What does SOC mean and why does it matter? How did a CPA organization come to audit information systems for cybersecurity and privacy controls? Spoiler alert. The acronym SOC currently means System and Organization Controls, but that wasn't always the case. Read on to learn why. The history of SOC began in 1992when the American Institute of Certified Public Accountants (AICPA) published SAS 70 as a framework to audit and report on internal financial controls. Since then, in response to market demand, SOC reporting has evolved from purely financial controls toSOC 2 andSOC for Cybersecurity engagements. In 2021 hundreds of IT service providers issued press releases highlighting AICPA SOC 2 Type II engagements as part of industry best practices of a cyber-resiliency strategy. The AICPA expects demand for SOC engagements to grow as much as 49% in 2022.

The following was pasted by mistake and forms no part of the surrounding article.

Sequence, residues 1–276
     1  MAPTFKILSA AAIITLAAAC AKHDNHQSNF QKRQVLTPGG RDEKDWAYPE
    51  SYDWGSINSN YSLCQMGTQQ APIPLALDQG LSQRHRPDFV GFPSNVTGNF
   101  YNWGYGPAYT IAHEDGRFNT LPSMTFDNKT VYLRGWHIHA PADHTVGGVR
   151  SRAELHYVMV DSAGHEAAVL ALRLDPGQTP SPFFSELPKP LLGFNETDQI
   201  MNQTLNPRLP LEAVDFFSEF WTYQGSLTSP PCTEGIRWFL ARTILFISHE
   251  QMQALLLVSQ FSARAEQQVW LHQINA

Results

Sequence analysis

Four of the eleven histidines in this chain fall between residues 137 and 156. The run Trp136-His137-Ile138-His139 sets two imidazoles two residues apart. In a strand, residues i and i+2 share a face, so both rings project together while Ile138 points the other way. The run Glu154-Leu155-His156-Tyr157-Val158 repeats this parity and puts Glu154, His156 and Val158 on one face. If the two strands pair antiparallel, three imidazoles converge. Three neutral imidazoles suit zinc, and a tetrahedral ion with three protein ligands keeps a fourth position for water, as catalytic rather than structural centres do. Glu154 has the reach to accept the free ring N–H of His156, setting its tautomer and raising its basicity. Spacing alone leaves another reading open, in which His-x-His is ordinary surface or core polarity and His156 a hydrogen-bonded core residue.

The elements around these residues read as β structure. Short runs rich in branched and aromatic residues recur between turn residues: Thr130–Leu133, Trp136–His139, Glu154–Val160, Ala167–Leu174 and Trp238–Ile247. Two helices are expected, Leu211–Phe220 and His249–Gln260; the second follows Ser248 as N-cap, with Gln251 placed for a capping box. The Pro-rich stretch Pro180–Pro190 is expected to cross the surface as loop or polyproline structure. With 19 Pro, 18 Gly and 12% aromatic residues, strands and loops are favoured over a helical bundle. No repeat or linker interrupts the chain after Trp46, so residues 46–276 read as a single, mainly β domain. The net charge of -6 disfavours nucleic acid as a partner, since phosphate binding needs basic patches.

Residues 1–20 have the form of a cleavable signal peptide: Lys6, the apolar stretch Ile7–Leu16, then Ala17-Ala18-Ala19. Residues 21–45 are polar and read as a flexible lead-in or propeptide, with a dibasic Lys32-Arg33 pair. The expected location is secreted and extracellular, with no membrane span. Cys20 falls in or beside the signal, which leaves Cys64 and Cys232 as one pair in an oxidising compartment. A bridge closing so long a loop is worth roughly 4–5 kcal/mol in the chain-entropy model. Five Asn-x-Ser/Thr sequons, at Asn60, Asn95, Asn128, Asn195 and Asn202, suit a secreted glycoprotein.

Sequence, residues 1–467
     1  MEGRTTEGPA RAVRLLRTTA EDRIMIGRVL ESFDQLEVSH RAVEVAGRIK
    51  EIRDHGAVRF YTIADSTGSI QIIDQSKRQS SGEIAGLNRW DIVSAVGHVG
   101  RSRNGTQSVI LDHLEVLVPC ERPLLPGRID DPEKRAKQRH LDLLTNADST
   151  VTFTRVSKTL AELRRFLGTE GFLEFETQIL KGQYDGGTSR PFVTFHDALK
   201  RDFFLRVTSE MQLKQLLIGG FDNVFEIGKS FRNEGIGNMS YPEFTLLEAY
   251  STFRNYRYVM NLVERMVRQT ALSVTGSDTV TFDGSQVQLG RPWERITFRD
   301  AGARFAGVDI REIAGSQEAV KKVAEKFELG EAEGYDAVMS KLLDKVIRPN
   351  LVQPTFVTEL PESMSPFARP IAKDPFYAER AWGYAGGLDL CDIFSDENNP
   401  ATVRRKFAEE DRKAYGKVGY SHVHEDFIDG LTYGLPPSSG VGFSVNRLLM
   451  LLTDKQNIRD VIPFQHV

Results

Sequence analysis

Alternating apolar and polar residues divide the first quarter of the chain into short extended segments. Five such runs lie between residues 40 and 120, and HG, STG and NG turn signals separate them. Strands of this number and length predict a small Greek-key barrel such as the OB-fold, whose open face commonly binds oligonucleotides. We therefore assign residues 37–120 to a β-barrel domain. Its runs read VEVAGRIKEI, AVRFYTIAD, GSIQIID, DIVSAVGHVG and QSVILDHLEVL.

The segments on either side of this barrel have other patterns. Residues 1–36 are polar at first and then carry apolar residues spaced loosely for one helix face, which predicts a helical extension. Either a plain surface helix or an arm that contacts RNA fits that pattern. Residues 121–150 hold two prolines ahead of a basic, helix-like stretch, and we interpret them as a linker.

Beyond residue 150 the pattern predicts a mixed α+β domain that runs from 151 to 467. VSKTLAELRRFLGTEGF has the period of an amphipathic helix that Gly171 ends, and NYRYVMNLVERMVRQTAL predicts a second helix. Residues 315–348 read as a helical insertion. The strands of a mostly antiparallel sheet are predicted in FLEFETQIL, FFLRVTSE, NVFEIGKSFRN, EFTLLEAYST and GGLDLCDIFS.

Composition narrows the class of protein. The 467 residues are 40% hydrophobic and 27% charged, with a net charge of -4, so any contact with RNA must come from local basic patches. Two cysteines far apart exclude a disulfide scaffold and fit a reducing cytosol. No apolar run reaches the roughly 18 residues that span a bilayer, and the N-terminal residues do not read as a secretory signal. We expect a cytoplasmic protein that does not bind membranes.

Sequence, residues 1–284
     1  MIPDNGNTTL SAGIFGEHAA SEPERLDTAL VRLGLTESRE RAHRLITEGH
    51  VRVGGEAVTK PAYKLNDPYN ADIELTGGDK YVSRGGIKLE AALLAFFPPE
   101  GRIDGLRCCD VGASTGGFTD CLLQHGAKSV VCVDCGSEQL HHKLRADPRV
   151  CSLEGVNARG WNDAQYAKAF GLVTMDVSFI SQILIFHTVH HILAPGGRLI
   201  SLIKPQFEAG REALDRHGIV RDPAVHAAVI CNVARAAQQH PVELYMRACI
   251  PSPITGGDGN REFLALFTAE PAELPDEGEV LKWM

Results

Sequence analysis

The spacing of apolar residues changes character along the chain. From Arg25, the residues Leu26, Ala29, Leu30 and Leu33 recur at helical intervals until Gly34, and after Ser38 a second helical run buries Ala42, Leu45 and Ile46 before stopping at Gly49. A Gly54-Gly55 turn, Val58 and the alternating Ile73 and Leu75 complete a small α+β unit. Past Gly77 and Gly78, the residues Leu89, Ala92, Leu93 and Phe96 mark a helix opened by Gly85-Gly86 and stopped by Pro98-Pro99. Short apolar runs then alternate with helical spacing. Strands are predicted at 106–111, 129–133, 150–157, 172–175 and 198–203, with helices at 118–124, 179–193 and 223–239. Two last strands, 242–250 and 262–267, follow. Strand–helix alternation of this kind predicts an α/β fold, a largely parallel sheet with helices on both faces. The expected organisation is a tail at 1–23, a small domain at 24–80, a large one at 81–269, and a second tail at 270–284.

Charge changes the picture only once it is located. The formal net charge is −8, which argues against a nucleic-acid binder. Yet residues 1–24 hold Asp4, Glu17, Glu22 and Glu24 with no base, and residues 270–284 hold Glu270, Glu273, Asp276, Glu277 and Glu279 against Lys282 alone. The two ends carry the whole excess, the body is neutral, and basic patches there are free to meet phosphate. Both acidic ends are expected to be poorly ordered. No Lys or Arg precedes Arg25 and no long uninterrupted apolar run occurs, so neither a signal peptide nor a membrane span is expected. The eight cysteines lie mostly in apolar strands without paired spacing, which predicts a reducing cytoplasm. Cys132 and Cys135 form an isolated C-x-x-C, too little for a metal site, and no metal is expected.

SOC History and Future
The original standard for auditing service organizations was the SAS 70 (Statement of Auditing Standards No. 70). Certified Public Accountants (CPAs) performed SAS 70 audits to report on the effectiveness of internal financial controls.
From the mid-'90s to 2010, CPAs started to use the SOC framework to report the effectiveness of a company's internal controls around information security more broadly.
In 2010 the Statement on Standards for Attestation Engagements no. 16 (SSAE 16) superseded SAS 70. SSAE 16 brought the reporting structure closer to the Sarbanes Oxley Act requirements.
In conjunction with SSAE 16, the AICPA published the (then named) Service Organization Controls (SOC) suite of reports.
SOC 1 reports are dedicated to financial reporting and controls.
The AICPA introduced SOC 2 reports to address the growing need of companies to validate and communicate the strength of their cybersecurity practice through an objective third-party.
In 2014, the AICPA Assurance Standards Board published the Trust Services Criteria (TSC) for evaluating an organizations' ability to assure the Security, Availability, Processing Integrity, Privacy, and Confidentiality of information security management systems. The TSC addresses logical and physical access, system operations, change management, and risk mitigation controls.